speed, due to the less exacting requirements of French naval planners. Second, hey British Admiralty, your cruiser designs are crap, follow the example of the French with their
Jean Bart. In emphasizing the gun strength of the British protected
cruisers, he apparently lost sight that the mission of the
Jean Bart was long large commerce raiding with a design that emphasized speed to avoid entanglements with British cruisers and with armament more than suitable to make swift work of British
Displacement on Jean Bart was 4,044-tons but Isly and Alger were heavier at 4,406-tons and 4,313-tons respectfully. The length was 346-feet, 344-feet 6-inches (105m) between perpendicular bulkhead, with a beam of 42-feet 7-inches (12.98m),
and draught of 21-feet 2-inches (6.45m) maximum. They carried four 6.4-inch/28 guns mounted in sponsons on the upper deck with two abreast of the forward funnel and two abreast of the main mast. Secondary armament was six 5.5-inch/30
guns amidships, one under the forecastle as a bow chaser and one open gun on the quarterdeck. As completed the
Isly had 2-inch armored shields protecting the 5.5-inch guns and these shields were soon added to the guns of Jean Bart. As protected
cruisers, armored was limited to a 3 to 2-inches of armor on the conning tower and the armored protective deck with slopes of 4-inches and a crown of 2-inches. To enhance survivability a cofferdam of cellular material 2-feet 7-inches deep was
added on top of the armored deck. Originally five 14-inch above water torpedo tubes were fitted, which were later reduced to two or three tubes. A mixed bag of light QF guns were also fitted, two 9pdr, eight to twelve 3pdr, and eight to ten 1pdr
revolvers (machine guns).
Alger had vertical triple expansion (VTE) engines to power the two propeller shafts, while Isly and Jean Bart had horizontal triple expansion engines. Alger was an early user of Belleville boilers with 24 of them, while the
other two carried eight more conventional boilers. Maximum coal stowage was 860-tons. The ships developed 8,000 horse power, giving them a maximum speed of between 19 to 19.5-knots, which was a good speed for the time. Complement
ranged from 405 to 387.
For the first two years in her career the Jean Bart was assigned to duties in the Mediterranean. After that she was assigned to the Northern Squadron with duties in the Atlantic. She went to the dockyard in 1897 for a refit, which among other items
added new masts and electric searchlights.  In 1898
Jean Bart was sent to the Pacific for duty in French Indo-China. She was there when the Boxer Rebellion broke out and than was sent to northern China as part of the French contingent to fight
the Boxers and subsequently the Imperial Chinese forces. In 1903 the
Jean Bart underwent another refit and received eight new water tube Niclausse boilers, which developed 10,000 horsepower and increased maximum speed to 20-knots. In spite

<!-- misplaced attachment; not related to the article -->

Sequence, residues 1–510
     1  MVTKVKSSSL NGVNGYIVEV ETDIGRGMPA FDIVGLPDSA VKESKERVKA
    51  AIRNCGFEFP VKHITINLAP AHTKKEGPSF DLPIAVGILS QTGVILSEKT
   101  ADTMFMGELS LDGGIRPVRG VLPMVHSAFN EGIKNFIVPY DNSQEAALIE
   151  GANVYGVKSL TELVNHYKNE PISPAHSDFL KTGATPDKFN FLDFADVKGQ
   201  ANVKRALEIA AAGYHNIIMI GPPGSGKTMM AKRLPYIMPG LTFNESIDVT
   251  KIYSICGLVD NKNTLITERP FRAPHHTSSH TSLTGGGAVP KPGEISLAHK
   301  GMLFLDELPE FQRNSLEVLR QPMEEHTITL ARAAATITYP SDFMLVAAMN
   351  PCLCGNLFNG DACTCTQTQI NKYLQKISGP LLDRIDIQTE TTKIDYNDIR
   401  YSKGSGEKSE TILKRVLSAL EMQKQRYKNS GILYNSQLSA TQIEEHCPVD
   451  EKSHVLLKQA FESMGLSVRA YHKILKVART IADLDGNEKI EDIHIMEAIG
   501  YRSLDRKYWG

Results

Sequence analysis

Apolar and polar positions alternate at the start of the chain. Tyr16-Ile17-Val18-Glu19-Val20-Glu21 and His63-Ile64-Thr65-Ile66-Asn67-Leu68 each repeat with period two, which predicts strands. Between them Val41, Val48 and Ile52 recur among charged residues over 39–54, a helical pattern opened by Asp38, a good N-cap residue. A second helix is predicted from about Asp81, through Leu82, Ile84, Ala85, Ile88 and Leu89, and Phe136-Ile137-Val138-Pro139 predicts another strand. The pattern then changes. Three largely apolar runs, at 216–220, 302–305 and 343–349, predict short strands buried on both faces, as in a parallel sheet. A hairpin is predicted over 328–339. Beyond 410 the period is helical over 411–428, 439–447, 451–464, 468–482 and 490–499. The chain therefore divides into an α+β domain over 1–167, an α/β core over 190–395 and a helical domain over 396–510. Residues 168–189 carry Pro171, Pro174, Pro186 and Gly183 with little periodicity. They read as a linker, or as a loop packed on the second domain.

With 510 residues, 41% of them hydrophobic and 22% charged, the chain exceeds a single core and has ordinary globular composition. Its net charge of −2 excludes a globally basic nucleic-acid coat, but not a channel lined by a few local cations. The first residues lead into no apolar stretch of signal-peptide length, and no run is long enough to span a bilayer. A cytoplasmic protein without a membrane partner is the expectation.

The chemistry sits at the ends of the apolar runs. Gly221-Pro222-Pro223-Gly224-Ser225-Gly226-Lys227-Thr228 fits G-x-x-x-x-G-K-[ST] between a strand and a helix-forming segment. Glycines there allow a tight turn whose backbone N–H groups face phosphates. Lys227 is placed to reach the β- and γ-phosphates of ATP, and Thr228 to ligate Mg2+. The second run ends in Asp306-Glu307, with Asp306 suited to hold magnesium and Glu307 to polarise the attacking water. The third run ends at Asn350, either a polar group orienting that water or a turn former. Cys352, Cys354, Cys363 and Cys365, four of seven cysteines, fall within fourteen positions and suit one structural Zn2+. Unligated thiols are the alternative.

of the refit, her use fell off after the refit. On February 11, 1907 the
Jean Bart was wrecked on the western African coast. She had run aground and could not be refloated.

(History from:
Conway’s All The World’s Fighting Ships 1860-1905, Conway Maritime Press 1979; The Development of a Modern Navy, French Naval Policy 1871-1904 by Theodore Ropp, Naval Institute Press 1987; The Naval Annual
by Lord Brassey, J. Griffin and Company 1889;  The Naval Annual 1890 by Lord Brassey, J. Griffin and Company 1890 )
The Combrig 1:700 Scale Jean Bart 1891, French Protected Cruiser - This is a fabulous kit. It is significant not for the actions that she undertook during her lifetime but for her place in warship history. She was one of the three Protected
cruisers built expressly on the theories of warfare of the Jeune École and Vice Admiral Théophile Aube to ruthlessly attack British merchant shipping. Any French warship constructed at the end of the 19th Century is guaranteed to have unusual
features in her appearance. Some my describe these features as hideous but some describe them as lovely. I am in the second group. The
Jean Bart has an abundance of these features such as the steep tumblehome, huge plough bow, armament
sponsons and square windows lining the sides of the hull. The
Combrig Jean Bart has dome a marvelous job at capturing these features. Combrig resin casting is sharp and clean. In my copy purchased from Free Time Hobbies, there were no
casting errors or broken parts.

Starting at the bow a cornucopia of French design features are present. The large and distinctive plough bow has a lovely curve, terminating at the top in a recessed bow chaser position. Watch out British merchantmen, this baby is coming for you!
On both sides of the bow are two small hull anchor hawse fittings. Further back there is an odd veranda/platform with access door of some sort near the deck edge and doors for one of the five above water torpedo tubes. There are no round
portholes but instead two rows of square windows ending with the deck break. A horizontal strake is present separating the raised forecastle from the main hull. At the deck break both fore and aft are sponsons for 6.4-inch/28 open guns. Between
these forward and aft positions there is just a single row of hull windows. Between the two 6.4-inch gun sponsons are two more sponsons for two 5.5-inch/30 open guns. On each side are two vertical strakes of waste water discharge chutes are
present. Another door for a torpedo tube is just below and in front of the aft 6.4-inch/28 gun sponson. At the deck break the forecastle deck extends a short distance aft and the bulkheads have more lovely square windows. Also at the deck break the